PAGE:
I Was Once A Swinger of Birches

So was I once myself a swinger of birches/And so I dream of going back to be.~from ‘Birches’ by Robert Frost

I’ve always felt a connection to the poem Birches, and I made my heroine in my most recent book share my affinity for the very line of poetry I posted above. As anyone who reads my blog knows, I love trees. I have written many posts in the past about trees, and I am quite sure this post will not be my last.

A few days ago my dear hubby and I spent the day together. We didn’t do anything too special, it was amazing enough to have the same day off. Our first in six weeks.

The two of us were standing outside under a pine tree, relaxing, when the breeze shifted and I was hit with the undeniable smell of piney goodness.

“Mmm. You smell that?” I asked.

“No,” he said. I have to remind myself that most people can’t smell what I do. I have the olfactory senses of a bloodhound.

“I do, it’s the tree. See the sap?” I asked as I pointed to the crystallized substance coming out of the bark.

I leaned my head back as far as I could to see all the way to the top of the tree. I stared longingly at the branches. If only…

“Did you ever climb trees as a kid?” I asked him.

“Yeah, a little bit,” he said.

I was the opposite. I used to practically live in trees. In fact, I still have a scar under my chin to this day that I got at age two because my mom had forbidden me to climb our mulberry tree. I decided I could still get berries without climbing in the tree, if I just jumped up and hit the branches with a plastic shovel. I lost my footing on one of my jumps and fell and my chin landed on a rock or an exposed root. I can’t remember which. Anyway, I digress.

“I used to love climbing trees. I wish I still could,” I said wistfully as I gazed at the branches.

My husband kind of shrugged off my comment, and we walked away from the tree shortly after that. But, ever since that day I stood under the pine tree with Brandon, I can’t stop thinking about trees. It seems like they’re always something that has been a part of me. Always the strongest thing in nature that I have connected with.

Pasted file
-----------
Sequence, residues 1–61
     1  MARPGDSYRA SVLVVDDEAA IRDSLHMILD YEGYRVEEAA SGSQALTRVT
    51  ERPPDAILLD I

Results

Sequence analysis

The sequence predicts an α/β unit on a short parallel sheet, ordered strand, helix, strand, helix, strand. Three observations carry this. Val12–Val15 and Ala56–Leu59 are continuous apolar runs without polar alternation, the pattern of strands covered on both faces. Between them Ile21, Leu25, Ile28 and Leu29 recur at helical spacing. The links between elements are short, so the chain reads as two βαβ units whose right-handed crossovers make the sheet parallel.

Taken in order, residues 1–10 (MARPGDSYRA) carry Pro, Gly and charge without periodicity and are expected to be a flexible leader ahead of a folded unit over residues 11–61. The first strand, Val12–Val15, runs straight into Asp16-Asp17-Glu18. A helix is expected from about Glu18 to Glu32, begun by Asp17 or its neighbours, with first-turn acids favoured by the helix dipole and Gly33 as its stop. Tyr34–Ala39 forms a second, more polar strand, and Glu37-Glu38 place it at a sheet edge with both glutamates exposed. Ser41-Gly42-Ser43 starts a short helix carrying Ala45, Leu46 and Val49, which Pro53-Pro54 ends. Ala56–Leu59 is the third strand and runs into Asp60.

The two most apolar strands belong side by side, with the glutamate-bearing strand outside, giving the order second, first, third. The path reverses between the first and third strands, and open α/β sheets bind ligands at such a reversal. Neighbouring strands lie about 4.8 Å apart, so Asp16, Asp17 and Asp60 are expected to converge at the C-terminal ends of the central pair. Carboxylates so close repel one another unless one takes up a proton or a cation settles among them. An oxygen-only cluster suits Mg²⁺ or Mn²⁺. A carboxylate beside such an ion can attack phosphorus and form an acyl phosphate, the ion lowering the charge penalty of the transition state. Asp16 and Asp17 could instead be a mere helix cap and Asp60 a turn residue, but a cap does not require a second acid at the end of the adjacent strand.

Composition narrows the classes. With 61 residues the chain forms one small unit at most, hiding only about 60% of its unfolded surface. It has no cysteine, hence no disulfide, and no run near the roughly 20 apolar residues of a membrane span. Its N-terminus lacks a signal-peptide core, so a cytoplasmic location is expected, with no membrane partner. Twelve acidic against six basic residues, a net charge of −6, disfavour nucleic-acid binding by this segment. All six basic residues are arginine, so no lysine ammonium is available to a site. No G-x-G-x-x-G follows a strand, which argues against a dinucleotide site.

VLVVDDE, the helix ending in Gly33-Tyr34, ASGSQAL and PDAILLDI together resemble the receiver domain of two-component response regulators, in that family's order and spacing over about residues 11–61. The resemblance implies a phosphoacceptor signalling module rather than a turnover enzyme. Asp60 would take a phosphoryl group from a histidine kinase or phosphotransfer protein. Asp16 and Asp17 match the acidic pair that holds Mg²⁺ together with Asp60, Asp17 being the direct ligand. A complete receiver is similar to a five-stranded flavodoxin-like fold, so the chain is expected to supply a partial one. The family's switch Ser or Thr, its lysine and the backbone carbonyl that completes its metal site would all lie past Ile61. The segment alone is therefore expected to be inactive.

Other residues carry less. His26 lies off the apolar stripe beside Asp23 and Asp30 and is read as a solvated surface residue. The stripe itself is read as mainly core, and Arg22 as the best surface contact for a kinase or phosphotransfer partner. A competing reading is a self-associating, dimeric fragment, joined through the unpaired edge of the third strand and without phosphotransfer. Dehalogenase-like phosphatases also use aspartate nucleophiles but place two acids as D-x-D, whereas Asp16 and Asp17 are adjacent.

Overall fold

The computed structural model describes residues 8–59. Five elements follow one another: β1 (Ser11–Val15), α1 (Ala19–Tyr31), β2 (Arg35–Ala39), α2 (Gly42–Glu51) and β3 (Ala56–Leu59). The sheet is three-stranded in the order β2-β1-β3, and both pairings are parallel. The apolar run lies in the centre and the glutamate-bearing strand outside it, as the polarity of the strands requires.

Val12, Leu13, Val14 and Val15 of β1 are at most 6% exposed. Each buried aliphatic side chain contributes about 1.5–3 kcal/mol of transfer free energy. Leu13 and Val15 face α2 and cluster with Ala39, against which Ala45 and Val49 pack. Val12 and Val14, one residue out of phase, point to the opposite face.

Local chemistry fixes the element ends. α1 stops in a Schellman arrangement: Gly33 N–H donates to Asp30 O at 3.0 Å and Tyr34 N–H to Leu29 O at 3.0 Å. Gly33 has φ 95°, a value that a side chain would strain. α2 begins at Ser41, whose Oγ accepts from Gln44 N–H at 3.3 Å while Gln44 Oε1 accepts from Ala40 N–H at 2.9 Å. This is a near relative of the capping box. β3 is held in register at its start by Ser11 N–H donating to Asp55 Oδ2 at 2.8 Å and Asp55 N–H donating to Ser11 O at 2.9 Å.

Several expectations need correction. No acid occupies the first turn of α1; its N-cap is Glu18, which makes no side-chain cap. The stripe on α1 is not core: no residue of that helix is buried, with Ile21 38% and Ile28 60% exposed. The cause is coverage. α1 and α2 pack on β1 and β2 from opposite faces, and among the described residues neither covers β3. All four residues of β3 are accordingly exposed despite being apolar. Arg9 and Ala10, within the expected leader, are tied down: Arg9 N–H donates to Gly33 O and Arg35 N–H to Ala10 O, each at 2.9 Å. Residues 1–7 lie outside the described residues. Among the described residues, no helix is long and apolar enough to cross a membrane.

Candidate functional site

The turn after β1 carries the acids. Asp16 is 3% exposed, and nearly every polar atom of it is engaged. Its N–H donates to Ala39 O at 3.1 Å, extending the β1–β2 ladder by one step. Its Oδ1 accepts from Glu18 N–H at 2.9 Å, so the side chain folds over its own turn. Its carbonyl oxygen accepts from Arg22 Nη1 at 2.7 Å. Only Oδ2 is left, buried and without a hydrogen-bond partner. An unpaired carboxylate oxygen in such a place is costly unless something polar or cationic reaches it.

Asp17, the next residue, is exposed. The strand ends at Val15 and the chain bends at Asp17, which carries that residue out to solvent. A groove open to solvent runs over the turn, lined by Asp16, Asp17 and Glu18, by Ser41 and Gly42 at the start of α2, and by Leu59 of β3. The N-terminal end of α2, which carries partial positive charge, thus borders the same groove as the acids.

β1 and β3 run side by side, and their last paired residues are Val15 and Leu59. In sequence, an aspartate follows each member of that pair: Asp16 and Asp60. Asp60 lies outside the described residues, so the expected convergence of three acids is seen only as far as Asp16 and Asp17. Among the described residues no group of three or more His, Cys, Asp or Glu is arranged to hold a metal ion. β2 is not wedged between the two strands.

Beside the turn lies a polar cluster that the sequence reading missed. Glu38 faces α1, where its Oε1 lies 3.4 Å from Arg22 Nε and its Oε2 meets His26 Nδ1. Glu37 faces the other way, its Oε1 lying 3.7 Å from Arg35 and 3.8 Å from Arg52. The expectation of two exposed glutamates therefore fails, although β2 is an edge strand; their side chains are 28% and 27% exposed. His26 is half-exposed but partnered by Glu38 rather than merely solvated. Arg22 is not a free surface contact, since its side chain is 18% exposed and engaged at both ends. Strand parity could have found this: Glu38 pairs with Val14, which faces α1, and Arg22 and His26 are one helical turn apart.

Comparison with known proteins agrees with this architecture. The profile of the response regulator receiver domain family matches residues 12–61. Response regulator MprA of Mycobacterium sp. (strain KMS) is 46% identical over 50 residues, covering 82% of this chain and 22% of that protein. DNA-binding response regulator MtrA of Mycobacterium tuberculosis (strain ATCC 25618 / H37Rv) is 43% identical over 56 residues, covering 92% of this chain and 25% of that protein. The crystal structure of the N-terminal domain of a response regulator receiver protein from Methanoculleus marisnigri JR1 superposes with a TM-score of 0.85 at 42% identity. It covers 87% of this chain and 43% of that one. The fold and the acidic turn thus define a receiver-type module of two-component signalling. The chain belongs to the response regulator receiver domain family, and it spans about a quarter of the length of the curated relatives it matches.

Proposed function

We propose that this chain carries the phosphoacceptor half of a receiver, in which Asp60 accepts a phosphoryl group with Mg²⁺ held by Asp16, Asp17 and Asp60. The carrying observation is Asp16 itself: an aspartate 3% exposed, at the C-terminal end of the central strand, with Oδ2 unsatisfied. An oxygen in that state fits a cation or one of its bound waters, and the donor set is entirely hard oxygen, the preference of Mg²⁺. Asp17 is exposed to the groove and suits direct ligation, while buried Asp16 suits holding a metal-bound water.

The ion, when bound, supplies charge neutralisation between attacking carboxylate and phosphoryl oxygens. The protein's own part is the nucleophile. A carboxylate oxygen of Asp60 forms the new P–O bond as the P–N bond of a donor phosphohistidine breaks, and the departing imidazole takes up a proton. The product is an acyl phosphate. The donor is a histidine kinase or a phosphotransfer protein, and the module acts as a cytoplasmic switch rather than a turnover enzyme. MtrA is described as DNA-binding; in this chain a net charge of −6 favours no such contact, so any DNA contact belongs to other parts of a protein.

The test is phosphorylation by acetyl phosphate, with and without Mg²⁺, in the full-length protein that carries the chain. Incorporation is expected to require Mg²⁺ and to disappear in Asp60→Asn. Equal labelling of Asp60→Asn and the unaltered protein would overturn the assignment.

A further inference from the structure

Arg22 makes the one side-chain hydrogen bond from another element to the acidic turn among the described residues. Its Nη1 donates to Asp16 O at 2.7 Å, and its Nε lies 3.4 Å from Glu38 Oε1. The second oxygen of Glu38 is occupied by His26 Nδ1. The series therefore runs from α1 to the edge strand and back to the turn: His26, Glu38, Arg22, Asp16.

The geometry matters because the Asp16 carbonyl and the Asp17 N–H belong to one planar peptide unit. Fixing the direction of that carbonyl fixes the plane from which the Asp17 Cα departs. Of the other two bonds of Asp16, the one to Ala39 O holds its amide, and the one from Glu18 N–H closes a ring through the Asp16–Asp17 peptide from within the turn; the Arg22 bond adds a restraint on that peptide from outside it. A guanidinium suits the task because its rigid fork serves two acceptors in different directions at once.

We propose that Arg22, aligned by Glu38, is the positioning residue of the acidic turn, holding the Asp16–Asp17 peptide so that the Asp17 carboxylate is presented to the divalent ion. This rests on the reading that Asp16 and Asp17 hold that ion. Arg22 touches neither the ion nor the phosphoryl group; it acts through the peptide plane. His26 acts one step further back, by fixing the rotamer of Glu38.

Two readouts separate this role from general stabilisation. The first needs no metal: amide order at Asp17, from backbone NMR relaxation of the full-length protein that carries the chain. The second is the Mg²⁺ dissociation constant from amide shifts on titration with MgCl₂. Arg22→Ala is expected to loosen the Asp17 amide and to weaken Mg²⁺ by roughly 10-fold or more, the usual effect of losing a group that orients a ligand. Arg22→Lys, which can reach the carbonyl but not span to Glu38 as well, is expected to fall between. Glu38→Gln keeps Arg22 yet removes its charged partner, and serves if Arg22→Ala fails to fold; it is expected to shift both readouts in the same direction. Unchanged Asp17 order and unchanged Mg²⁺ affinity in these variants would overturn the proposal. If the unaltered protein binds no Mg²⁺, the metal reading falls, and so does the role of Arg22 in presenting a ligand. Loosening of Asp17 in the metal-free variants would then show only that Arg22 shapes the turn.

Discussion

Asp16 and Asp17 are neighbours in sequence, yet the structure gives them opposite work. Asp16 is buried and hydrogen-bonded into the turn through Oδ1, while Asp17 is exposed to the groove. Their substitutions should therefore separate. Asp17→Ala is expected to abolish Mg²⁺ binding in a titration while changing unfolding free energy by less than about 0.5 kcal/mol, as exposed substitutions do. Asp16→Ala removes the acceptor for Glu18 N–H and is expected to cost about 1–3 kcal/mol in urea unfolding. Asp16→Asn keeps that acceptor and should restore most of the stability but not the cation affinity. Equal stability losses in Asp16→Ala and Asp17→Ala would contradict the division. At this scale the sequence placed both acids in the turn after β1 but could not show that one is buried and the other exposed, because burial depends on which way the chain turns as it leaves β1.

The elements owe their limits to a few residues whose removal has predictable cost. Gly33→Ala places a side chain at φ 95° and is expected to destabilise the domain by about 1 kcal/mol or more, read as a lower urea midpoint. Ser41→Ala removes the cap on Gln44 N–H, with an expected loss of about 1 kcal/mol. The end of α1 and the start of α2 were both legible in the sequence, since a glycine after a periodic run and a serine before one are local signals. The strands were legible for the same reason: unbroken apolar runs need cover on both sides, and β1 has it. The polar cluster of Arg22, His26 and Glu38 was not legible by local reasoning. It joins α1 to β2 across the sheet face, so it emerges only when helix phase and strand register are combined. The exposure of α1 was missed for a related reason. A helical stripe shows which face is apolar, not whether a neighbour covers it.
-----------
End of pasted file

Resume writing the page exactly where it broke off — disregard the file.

When I sit in my apartment trying to brainstorm and come up with ideas for writing, I find myself staring out my patio window, at the massive trees just outside my door and that’s always where I do my best thinking.

So what is it about trees? They’re spiritual and ethereal in a way. A healthy tree will continue to grow throughout its life (just as a healthy human should continue to grow spiritually, mentally and personally throughout their life). Some trees bear fruit. They provide shade and protection. There are countless references to trees in the Bible and across multiple religions. Clearly, the tree resonates with many.

Okay, I’m digressing again. The inspiration for this post came to me when I stumbled on an article on the Mother Nature Network today about the current generation and tree climbing.

It turns out, according to the article, that twenty percent of American children today have never climbed a tree. Twenty percent! I couldn’t believe it.

This news saddened me. It also made about a million questions flash through my mind.

What would my childhood have been like if I’d never climbed a tree? What fond memories would I have to look back upon instead? Would I have as strong of a connection to trees as I do now, or would that connection be to something else?

Of course there is no way for me to know the answers to these questions. All I can do is cling to my amazing memories of awesome tree adventures and mourn for the generation who will miss out on that experience.

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